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Singapore Estate Matters: What Happens to the Cat?


When dear old Grandma reaches the end of her long and happy life and drifts gently into an endless sleep, what happens to Mittens?

Mittens would be considered part of Grandma’s estate. There are several procedures that may determine Mittens fate.

Will
If Grandma wrote a will before she died, the Will would specify how Grandma’s property was to be dealt with after her death. Under the Will, Grandma would have appointed executors who would be responsible for managing the property after her death and who would make sure that the property was given to the correct person as named in the Will. The executors would have to apply for a grant of probate from the Court. Once the executor(s) is given the grant of probate, the executor may use the grant of probate to get Grandma’s property released (i.e. from a bank).

For instance, if Grandma left Mittens to her favourite granddaughter, Lucy, in her Will, then her named executor, her son Bill, would make sure that Mittens ended up in Lucy’s care and lived a happy life with the little girl.

Letters of Administration
If Grandma never wrote a Will, then Grandma’s relatives can apply to Court to be granted letters of administration appointing them as administrators of the estate. In deciding on who to appoint as administrator(s), the Court will have regard to the person’s relationship to Grandma and also to the interests of all of the people who could claim an interest in Grandma’s estate. The administrator(s) would be responsible for dividing Grandma’s property in accordance with the law. The persons who would be appointed as administrator(s) are listed in the Intestate Succession Act in the following order of priority: the spouse, the children of the deceased, the parents, brothers and sisters, nephews and nieces, grandparents, and uncles and aunts.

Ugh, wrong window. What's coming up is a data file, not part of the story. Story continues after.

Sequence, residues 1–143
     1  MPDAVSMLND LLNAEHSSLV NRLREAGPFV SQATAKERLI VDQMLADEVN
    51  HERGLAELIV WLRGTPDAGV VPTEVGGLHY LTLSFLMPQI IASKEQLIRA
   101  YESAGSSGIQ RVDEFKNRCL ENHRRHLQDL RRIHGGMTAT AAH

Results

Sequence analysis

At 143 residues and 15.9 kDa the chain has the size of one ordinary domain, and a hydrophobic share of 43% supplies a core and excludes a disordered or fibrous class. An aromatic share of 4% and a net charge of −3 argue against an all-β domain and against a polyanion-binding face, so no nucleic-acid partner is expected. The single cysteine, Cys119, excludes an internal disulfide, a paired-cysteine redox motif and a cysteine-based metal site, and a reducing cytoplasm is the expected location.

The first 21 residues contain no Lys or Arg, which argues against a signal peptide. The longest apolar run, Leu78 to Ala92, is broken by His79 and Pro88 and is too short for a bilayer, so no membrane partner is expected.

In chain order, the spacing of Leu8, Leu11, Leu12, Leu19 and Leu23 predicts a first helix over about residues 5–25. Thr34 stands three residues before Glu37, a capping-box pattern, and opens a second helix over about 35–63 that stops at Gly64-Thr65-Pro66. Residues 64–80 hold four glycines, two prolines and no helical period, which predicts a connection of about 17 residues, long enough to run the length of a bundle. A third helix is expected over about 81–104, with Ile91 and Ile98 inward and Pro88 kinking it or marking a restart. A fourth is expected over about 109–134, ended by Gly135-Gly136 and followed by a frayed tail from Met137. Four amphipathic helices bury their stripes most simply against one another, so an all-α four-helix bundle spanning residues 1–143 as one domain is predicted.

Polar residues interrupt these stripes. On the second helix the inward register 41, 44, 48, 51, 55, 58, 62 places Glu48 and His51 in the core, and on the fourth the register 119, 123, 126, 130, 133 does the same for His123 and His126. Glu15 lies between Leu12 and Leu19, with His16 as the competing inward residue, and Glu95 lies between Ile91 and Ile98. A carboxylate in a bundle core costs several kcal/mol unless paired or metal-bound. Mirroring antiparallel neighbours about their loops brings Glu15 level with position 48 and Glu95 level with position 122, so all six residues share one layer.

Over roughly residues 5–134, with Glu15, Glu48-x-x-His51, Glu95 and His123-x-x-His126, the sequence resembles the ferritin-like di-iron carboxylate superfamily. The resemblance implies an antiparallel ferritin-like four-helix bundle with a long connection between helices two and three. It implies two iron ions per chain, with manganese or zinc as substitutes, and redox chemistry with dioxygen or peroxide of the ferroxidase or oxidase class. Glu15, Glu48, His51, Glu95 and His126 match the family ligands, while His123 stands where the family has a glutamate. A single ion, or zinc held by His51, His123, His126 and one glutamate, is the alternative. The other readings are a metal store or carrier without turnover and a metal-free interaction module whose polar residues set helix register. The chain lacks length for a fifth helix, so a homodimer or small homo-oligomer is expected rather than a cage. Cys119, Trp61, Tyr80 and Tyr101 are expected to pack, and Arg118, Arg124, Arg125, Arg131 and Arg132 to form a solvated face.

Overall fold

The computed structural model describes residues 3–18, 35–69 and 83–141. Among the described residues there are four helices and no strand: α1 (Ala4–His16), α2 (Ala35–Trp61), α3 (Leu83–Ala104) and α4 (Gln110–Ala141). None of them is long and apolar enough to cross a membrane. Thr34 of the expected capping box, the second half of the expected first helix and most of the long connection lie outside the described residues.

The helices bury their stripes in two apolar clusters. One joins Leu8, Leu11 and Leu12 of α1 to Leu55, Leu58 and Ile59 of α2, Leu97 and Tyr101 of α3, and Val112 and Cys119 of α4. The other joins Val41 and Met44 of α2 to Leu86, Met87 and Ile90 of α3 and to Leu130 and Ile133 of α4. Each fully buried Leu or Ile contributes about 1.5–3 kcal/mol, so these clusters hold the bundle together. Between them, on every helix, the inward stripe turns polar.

For instance, Grandma’s son, Bill, could apply to be the administrator of the estate and as he is her son, the Court would be likely to grant the application. Bill would be responsible for dividing up the property fairly in accordance with the law and he would be able to give Mittens to Lucy as one of the beneficiaries of Grandma’s estate.




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